Pies!

For May Crown, 2015, Katherina Weyssin and Anna de Wilde (with help from a few others) made a pie for every person for lunch. Katherine of Glastonbury made gluten-free, vegetarian, allium-free pies for those who needed them (the ever-popular mushroom tarts, with a gluten-free base).

Anna and Katherina produced well over a hundred pies between them. We were pretty happy with the results.

Chicken and Bacon Pies

Size of pies. This recipe makes:

  • 1 large pie (8-10") OR
  • 12 mega-muffin sized pies (3 1/2") OR
  • 24 muffin-sized pies

The large pies are quick: expect each to feed about 12 people; I start by cutting them into 16 pieces - some people want seconds and others don't. 

"Mega muffin" pies (3 1/2") seem about right for one pie per person, for lunch. 

Muffin-sized pies (2 1/2") are a good snack size. 

Ingredients 

  • 800g chicken, chopped
  • 200g fatty bacon, and/or some dripping or lard 
  • 3 onions 
  • 6 eggs
  • small bunch of chopped parsley (exact amount is very flexible)
  • spices 
    • 1 teaspoon ground ginger
    • 1/2 teaspoon cinnamon
    • 1/2 teaspoon pepper
    • 1/2 teaspoon nutmeg
    • pinch cloves
    • saffron - a few threads
  • pastry - I use frozen savory shortcrust pastry
    • 2.5 sheets sheets for one large pie OR
    • 5 sheets for 12 small pies (mega-muffin sized)
    • 6 sheets for 24 tiny pies (muffin sized)
  • butter/fat/oil to grease pie-shells
  • optional: milk and/or egg to seal and glaze pie-crusts

Tools:

  • chopping board
  • knives
  • scales (or buy meat that's sold by weight)
  • large saucepan
  • large spoon for stirring
  • pie dish or muffin trays (1 small, 2 "mega muffin" trays), or similar
  • clear bench-space for thawing and cutting pastry
  • pastry brush
  • dish for water/egg/milk to seal pies and glaze them
  • small spoon for filling pies

Method:

Step one: making the filling

  • Chop chicken and bacon - 1/2" pieces or smaller, to fill the pie nicely.
  • Chop onions - fine
  • Put a large saucepan on low heat. Melt the fat (either put bacon in pan and let the fat run out, or melt lard or dripping, or both).
  • Add chicken and onions. Fry on medium heat, stirring from time to time, until the chicken is cooked through. Ideally it will brown somewhat, but that's not essential. 
  • Chop herbs. Beat eggs and chopped herbs together in a bowl (you can do this while the chicken is cooking)
  • Turn heat on saucepan to very low. Add egg and herb mixture, and stir constantly until it thickens. (This can take a while - you're basically making scrambled eggs with a LOT of chicken and bacon in them). 
  • Remove from heat. Stir spices through. 

At this point you can go straight to making pies, or you can refrigerate the filling overnight. It helps if you allow the filling to cool somewhat before filling the pies - it thickens further, and the pies are less inclined to leak in the oven. 

Step two: making the pies

  • pre-heat oven to 220 degrees Celsius
  • grease pie shells
  • line pie-shells with pastry
  • brush around the edges with water or milk, so the tops will stick better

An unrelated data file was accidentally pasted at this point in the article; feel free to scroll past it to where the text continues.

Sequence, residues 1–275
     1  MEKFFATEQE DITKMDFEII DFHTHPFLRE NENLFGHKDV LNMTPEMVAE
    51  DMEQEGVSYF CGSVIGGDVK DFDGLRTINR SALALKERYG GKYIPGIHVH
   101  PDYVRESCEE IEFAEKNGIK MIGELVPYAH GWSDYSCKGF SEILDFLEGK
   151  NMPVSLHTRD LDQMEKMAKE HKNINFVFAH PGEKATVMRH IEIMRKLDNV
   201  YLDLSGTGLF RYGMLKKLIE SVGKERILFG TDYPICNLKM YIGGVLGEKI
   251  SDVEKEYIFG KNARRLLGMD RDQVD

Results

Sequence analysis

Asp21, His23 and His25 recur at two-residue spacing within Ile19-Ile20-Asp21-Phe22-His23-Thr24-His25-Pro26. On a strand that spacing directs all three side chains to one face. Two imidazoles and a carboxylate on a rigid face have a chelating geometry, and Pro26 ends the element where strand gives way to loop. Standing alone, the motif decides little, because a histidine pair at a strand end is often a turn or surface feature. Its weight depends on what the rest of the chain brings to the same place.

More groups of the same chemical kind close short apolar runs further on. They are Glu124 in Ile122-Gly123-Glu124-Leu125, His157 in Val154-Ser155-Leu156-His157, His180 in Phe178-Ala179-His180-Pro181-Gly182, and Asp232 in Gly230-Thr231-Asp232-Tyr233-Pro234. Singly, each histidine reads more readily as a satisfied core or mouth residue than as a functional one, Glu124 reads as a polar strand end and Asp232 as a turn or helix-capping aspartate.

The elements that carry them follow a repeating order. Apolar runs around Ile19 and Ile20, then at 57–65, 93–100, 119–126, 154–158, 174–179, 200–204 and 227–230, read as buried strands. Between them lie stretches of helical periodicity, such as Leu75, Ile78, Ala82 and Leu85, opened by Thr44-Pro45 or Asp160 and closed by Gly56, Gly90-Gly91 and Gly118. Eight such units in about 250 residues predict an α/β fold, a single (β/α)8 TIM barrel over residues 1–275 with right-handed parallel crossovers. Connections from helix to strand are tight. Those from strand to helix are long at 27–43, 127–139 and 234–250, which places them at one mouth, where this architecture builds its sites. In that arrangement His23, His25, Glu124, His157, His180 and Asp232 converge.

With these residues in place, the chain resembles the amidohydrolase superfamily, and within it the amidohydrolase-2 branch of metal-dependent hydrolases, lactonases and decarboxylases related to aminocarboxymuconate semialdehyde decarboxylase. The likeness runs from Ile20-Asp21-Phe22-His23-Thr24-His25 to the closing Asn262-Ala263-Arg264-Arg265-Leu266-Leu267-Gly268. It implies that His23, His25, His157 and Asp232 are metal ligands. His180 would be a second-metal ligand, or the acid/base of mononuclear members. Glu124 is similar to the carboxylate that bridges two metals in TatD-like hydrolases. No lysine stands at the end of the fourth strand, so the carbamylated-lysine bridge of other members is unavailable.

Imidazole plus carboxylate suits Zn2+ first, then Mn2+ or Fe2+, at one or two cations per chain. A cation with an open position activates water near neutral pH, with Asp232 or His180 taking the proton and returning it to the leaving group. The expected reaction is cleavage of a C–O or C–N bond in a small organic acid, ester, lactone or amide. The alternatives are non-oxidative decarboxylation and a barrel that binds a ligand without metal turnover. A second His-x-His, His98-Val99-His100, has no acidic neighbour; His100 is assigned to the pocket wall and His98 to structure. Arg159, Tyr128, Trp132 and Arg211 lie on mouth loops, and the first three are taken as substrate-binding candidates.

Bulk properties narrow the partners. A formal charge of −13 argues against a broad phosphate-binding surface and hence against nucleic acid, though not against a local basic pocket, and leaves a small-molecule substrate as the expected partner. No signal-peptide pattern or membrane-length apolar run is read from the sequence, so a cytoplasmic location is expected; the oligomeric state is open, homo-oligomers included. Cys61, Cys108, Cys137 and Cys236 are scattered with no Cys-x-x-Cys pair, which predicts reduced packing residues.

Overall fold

• fill pies
  • cover with pastry
  • glaze, if you wish to - brush with egg-yolk or milk
  • make a hole in each one with a knife, for steam to escape
  • bake until the pastry is golden-brown (maybe only 15 minutes for small pies, longer - half an hour or more - for large pies)
  • (if you're using both racks in the oven, swap the trays on the upper and lower racks about half way through cooking them)

Turn out, cool on a pie-rack.

Efficient ways to cut your pastry

Large pies - one pie per batch of filling - 2.5 sheets of pastry per batch

Three sheets of pastry for one pie, or five sheets (one packet) for two pies. One sheet for the top, one sheet for the bottom, and about half of the third sheet (plus offcuts) to fill in any gaps, and maybe make something pretty to stick on top. Biscuit cutters are great for cutting out decorations.

You will probably have some scraps of pastry left over.

Small pies (cooked in a mega-muffin tray) - 12 pies per batch of filling - 5 sheets of pastry per batch

Six pies per tray; you can usually fit 2 trays in the oven, 4 (two on each rack) if your oven is wide enough

  • For tops and bottoms: cut a sheet into 9 squares (thirds vertically, and thirds horizontally) - you will need 3 sheets like this
  • For sides: cut a sheet into six strips (cut thirds vertically, then cut each strip in half, lengthways) - you will need 2 sheets like this

Brush one side of each sheet with water or milk, to help them seal.

  • Place a square in the bottom of each pie  - the corners will come up the sides, and that's ok.
  • Form the strips into little circles for the sides and push them into place over the bottoms. Press around the edges to seal. It's ok if they're not the same height as the tray.
  • Fill pies - spread mixture across all the cases; mound it up in the middle if you need to.
  • Drape the tops over the pie-filling, then use your fingers to push into place and seal onto the sides. You may need to stretch a bit in places, or shove the corners into the pie.